Mass Effect 3 borrows from the finest traditions of extrapolative science-fiction. It would be a mistake to think that it would have to be original. I think that it made a number of overt references to other works of science-fiction not just as shout-outs to great works, but also as literary allusions to concepts which are explored, in depth, and in different ways, in other works. For instance, in Mass Effect 2, one of the missions is to rescue the crew of the SSV Hugo Gernsback. Hugo Gernsback is the father of modern science-fiction, creating the first pulp science-fiction magazine in which he coined the term that “science-fiction” comes from, “scientifiction.” Gernsback’s perennial work is one of the most influential in the genre, even though it is critically panned: “Ralph 124C 41+.” It is, quite simply, a horrible book in terms of plot. It does, however, predict with stunning accuracy one thing which we find commonplace now: radar. It was revolutionary.

    And that’s what Mass Effect 3 is, essentially. I wrote at length about how the player gets to interact and choose how the story turns out. Mass Effect 3 represents a critical evolution in the genre of science-fiction. Since it is, admittedly, an early work there are many bugs to work out. And, much to my chagrin, it is the product of a company looking to make as much profit off of it as it can. I don’t think this undermines that artistic and revolutionary value of the game itself.

    I don’t make claims as for what the writers intended. I also think that it is rather absurd for you to claim that they aren’t deep and they didn’t intentionally do things which produced amazing story arcs and deep characters. The writers who created the characters of Mordin and Thane, especially, created some amazing dialogue. And, no, Mass Effect 3 couldn’t stand on its own outside of the Mass Effect brand because it relies so heavily on canon, knowledge, and themes created in the first two. It is, naturally, an extension of previous works. When you discover that they’re continuing ideas and concluding stories that stretch back as far as the first Mass Effect, you realize that a game like that cannot stand on its own. This isn’t that unusual.

    I’m not claiming that BioWare is making a new ending. I’m commenting on the arguments for and against a possible change. To be able to write about the artistic merit of the game while taking in the arguments for a different ending and against a different ending, it makes sense to write from the perspective that it is possible BioWare could do so. Notice I didn’t actually claim that they were coming out with a new ending. If I had, I would have linked to the evidence. I don’t actually expect them to come out with a new ending. My goal was only to underscore the flaws in the “artistic integrity” argument against coming out with a new ending.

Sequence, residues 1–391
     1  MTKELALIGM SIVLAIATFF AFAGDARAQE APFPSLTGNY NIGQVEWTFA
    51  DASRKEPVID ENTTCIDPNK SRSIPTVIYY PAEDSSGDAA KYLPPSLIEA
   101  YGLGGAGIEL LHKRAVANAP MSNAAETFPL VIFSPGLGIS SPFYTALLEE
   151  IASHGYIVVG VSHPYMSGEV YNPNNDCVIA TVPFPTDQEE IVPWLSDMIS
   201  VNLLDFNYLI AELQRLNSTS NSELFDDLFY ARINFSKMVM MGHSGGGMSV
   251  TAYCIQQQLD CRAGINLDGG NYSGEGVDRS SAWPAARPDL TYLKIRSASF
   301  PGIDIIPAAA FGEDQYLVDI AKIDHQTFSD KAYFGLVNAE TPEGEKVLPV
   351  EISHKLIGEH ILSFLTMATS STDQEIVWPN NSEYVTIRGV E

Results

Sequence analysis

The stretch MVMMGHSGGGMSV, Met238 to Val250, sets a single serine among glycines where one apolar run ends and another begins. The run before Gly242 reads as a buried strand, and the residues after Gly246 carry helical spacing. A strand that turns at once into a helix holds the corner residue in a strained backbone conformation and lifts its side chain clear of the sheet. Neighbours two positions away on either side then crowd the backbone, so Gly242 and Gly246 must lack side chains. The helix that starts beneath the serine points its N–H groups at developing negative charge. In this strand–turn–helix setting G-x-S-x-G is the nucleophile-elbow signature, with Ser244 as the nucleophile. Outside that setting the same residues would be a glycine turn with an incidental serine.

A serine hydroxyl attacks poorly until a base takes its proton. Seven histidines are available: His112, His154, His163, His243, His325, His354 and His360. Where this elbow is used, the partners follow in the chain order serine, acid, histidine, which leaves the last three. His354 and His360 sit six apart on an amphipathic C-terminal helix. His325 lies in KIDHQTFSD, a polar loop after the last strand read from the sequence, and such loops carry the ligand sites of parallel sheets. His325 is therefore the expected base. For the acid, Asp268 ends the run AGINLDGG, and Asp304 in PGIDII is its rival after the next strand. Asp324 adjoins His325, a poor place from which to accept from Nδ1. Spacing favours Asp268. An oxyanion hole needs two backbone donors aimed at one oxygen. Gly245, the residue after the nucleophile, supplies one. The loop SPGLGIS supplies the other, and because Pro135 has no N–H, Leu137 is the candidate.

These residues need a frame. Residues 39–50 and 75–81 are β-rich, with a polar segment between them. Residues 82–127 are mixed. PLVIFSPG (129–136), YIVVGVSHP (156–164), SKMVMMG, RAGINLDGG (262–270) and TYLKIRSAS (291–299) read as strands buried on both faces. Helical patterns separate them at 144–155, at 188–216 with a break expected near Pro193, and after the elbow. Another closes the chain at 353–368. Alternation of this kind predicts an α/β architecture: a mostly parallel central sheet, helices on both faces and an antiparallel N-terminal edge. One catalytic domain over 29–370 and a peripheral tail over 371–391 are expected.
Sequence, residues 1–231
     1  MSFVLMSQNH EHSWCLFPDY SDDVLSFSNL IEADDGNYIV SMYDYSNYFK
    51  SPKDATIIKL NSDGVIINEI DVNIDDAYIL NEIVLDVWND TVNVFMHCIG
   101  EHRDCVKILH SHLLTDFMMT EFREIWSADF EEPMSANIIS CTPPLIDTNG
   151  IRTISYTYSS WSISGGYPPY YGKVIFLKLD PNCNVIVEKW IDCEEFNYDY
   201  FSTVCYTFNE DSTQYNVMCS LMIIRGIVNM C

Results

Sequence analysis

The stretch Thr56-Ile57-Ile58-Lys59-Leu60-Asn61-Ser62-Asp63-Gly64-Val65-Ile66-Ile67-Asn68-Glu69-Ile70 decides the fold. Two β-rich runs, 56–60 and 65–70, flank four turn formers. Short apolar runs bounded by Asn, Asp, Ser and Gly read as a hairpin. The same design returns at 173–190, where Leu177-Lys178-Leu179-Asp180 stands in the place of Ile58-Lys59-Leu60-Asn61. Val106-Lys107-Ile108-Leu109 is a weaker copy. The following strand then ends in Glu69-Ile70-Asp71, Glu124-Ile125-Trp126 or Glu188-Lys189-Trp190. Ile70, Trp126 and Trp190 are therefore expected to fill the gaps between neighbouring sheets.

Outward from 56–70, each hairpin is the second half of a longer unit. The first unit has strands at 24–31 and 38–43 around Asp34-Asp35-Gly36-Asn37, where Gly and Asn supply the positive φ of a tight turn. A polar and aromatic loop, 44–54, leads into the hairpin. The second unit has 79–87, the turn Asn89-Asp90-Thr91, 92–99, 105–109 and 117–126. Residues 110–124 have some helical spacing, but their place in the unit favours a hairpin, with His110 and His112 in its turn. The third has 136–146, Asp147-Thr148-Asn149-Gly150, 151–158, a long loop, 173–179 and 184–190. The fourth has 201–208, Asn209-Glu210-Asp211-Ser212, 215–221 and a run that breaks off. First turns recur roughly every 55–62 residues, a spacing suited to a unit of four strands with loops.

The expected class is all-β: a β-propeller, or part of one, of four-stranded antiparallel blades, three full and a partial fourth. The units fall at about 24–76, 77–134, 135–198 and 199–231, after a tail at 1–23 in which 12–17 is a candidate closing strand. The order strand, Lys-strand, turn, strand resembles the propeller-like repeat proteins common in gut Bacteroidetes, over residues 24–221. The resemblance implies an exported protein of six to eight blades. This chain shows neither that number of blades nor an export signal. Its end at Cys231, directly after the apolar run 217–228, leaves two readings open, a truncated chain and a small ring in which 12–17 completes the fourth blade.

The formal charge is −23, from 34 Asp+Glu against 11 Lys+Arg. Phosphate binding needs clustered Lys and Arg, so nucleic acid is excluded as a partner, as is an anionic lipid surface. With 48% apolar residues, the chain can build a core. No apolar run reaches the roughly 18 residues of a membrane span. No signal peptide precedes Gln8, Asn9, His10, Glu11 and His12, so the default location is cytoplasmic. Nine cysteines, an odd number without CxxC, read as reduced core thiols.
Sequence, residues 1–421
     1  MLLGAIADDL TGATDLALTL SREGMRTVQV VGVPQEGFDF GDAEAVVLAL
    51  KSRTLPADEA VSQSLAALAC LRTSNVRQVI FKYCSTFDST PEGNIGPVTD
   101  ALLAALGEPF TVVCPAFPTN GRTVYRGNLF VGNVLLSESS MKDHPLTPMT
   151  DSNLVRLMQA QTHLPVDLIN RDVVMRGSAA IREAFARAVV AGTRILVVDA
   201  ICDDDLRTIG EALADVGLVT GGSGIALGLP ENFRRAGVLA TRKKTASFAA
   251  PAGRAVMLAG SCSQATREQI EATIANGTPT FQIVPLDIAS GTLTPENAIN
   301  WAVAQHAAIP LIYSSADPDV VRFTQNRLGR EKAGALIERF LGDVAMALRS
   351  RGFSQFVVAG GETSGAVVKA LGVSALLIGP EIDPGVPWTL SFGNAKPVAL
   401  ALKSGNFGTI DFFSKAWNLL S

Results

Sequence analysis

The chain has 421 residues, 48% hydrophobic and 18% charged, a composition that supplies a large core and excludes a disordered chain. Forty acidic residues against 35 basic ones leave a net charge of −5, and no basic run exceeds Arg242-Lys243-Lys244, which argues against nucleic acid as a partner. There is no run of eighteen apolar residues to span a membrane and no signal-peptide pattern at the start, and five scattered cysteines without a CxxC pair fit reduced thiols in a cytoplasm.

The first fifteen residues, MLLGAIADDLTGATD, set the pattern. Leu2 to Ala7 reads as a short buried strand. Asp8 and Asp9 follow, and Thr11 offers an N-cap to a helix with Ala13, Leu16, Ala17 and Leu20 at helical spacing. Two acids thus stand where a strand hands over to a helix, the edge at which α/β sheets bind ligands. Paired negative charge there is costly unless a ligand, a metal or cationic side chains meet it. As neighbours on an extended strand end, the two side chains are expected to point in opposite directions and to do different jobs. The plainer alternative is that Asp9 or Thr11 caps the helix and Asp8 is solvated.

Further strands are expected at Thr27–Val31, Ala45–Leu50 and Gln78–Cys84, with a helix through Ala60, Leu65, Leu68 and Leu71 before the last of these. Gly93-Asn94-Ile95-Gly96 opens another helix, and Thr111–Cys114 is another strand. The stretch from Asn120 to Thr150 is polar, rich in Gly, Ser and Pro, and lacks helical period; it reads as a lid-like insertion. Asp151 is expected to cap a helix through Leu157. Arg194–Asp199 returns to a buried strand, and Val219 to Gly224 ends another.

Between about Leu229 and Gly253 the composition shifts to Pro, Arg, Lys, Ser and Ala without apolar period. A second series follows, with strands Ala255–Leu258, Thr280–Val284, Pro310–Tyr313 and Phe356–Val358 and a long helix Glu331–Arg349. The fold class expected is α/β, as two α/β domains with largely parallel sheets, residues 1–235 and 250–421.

I haven’t actually seen the final cost of production for Mass Effect 3. An admittedly quick Google search yields nothing to that effect. If you have evidence that the budget for Mass Effect 3 was low, I’m wondering if you can share that. Until then, I don’t think you can make the claim that Mass Effect 3’s budget was any lower than Mass Effect 2 or any other game.

    Eventually, I’m going to write some articles about the philosophical brilliance of the Mass Effect series. I have a huge collection of notes with references to other works and ideas, and if you play particular attention to details, you can see many things interconnected. While it’s true that Mass Effect 3 doesn’t have the philosophical strength of the first and second installments, it isn’t exactly a lightweight.

    To be honest, the day I learned that EA acquired BioWare was a sad day for me. I remember what they did to Westwood and how they completely ruined the Command and Conquer franchise. I’ve been relieved to see that BioWare hasn’t lost much of its integrity compared to other studios EA has acquired. We’ll see how long that lasts, but I generally don’t think that their terrible ad campaigns and malfeasance about the “From Ashes” DLC has anything to do with the art of the game. It says a lot about the industry, sure. But that’s for another conversation.

  3. mfeff427
    April 1, 2012 at 3:33 AM

    You Sir, have really impressed me. Your response is well thought out, detailed, and while critical of portions of my weaker assertions, did so with a grace I find rare on the internet, and near a flawless diamond concerning the Mass Effect and Bioware issues. I will make an attempt to stay on point with a response, but it may come off a little frantic as I work back and forth in the reply to your response.

    While my initial posit was virulent and aggressive, you maintained a calm that I did not expect. 😉

    To frame my own position I hold a non accredited associate in comparative religious studies, an associate in applied science, associate in pre-engineering, and a Bach in Electrical Engineering minor in mathematics. Certainly the study of philosophy and religion have been huge influences on my own life, and your references concerning film and the Mass Effect (universe) are excellent notations in this discussion. I have worked in many industries from video games (retail and distribution), flight instructing, airliner maintenance, management, to operating my own businesses and free lance engineering solutions.